The first is George Monbiot's Captive State which, in considering the corporate take over of Britain, tracks the drastic and deliberate alteration in the culture of public science and the academy in recent years, particularly as regards the bio-sciences. Having an unelected biotechnology investor and food industrialist as the UK's science minister, based within the Department of Trade and Industry, is more than emblematic of the corporate-science culture which has become entrenched not just in the UK but which has become increasingly dominant in much of the world.
Monbiot shows how the industrial alignment of the biological sciences began in the UK with a political quest to make the primary focus of science its contribution to economic competitiveness. The goal of building businesses from genetics was consequently made central to the corporate plan of the UK's public funding body for the bio-sciences - renamed (with appropriate emphasis) the Biotechnology and Biological Sciences Research Council (BBSRC). The BBSRC developed a strategy for integrating scientific opportunity with the needs of industry - a strategy overseen by a plethora of industry figures appointed to its boards. The BBSRC's former Chairman was, for example, also a director of the GM giant Syngenta. Guy Cook, incidentally, is not unaware of the psychological impact of this heavy emphasis on the commercialisation of science, suggesting it may account to a large extent for the diminution in scientists' minds of the distinction between science and technology.
The second book, The Arrogance of Humanism, considers a still more deeply-seated malaise - what its author, the biologist David Ehrenfeld, identifies as the irrational faith in human power and control to rearrange the world of Nature and engineer our own future in whatever way we see fit. This faith in our own unlimited powers to remake the natural world is, Ehrenfeld suggests, the dominant religion of our age. Its arrogant and misplaced assumptions are presupposed in much of our public discourse, whether it's about business, economic theory, politics, science or technology.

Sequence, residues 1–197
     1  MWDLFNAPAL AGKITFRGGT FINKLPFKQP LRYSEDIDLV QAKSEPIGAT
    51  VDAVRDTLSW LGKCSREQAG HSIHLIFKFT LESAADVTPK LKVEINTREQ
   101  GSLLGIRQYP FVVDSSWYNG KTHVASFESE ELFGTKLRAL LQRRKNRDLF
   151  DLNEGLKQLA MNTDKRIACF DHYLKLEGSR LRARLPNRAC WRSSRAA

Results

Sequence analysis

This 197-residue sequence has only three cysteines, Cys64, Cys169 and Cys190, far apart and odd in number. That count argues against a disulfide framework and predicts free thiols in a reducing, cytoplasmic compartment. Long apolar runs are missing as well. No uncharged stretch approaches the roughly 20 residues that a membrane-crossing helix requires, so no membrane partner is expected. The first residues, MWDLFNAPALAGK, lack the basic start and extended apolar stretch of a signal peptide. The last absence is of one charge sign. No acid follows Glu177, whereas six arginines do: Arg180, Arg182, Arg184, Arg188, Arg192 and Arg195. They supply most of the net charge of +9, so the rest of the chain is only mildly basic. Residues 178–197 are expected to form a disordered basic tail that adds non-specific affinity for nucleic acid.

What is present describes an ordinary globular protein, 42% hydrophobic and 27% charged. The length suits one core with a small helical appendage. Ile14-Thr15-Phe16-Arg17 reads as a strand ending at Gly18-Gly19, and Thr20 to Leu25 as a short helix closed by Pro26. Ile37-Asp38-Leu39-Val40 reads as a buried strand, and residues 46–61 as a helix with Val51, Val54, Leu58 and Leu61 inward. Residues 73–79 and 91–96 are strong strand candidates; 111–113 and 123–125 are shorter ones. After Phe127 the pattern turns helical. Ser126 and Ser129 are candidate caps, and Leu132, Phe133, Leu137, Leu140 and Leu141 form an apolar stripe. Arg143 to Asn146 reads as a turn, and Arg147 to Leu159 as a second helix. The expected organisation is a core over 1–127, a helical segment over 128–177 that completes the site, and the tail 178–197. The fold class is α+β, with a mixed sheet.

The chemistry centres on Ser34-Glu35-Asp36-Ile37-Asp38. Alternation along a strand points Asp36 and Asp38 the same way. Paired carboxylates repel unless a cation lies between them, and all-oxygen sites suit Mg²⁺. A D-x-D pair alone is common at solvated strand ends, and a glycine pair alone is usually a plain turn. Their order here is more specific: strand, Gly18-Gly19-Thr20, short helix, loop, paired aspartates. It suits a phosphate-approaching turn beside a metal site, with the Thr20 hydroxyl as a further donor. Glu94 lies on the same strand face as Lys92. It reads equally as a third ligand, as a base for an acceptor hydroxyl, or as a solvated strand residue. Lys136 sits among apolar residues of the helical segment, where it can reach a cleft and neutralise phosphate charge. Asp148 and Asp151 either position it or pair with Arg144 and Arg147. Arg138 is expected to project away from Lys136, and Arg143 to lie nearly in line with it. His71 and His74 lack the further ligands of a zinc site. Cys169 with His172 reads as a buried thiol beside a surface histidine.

Although Ehrenfeld's book was first published in the late 1970s and so doesn't have a lot to say about genetic engineering, this technology clearly represents the apotheosis of the human command and control model. To the faithful, this gives it an almost totemic value, and it's surely here that we find the source of both the fervour and defensive zeal that surrounds this technology, as well as of its ability to generate utopian visions based on its apparently "limitless potential" to engineer a Nature truly remade.
The final book I want to mention also has only a limited amount to say about genetic engineering. What Andy Rowell's The Green Backlash does, however, is show how industry dollars spawned a movement (midwifed by various PR outfits, think tanks and corporate front groups) aimed at aggressively demonising those who raise environmental issues that challenge big business. The coining of abusive terminology was a key weapon in this emerging campaign to marginalise the environmental movement. The king of anti-environmentalist spin, Ron Arnold, told the New York Times,"We created a sector of public opinion that didn't used to exist. No one was aware that environmentalism was a problem until we came along."
Prof Cook in his book draws attention to the remarkable similarities in the discourse of pro-GM scientists and pro-GM politicians, particularly in terms of how they portray opposition to GM. What Rowell's book enables us to do is to identify the suite of pre-existing arguments, stereotypes and linguistic formulations that are being drawn upon. It also shows how these were created and put into circulation with the deliberate intention of infecting the rhetorical mainstream.
It's also important to recognise that this is a continuing process with lobbyists playing a critical role in arming, maintaining and exploiting the ideological perspective of pro-GM scientists. In the UK, for instance, with the financial backing of GM and pharmaceutical companies and the blessing of pro-GM politicians, lobbyists have taken over strategically important posts at the interface between scientists and the public. From here they can both "represent" and groom scientists, and court and direct journalists to those scientists who can be relied upon to endorse a pro-GM agenda. (See Rotten to the Core)
Not so long ago The Ecologist asked me to nominate my top ten books on GM. Unfortunately, at the time I hadn't read Guy Cook's book or it would have been right at the top. Not least because, taken together with the other books I've mentioned, it provides an extraordinary insight into the collective consciousness of Prof Bullsh*t & Associates.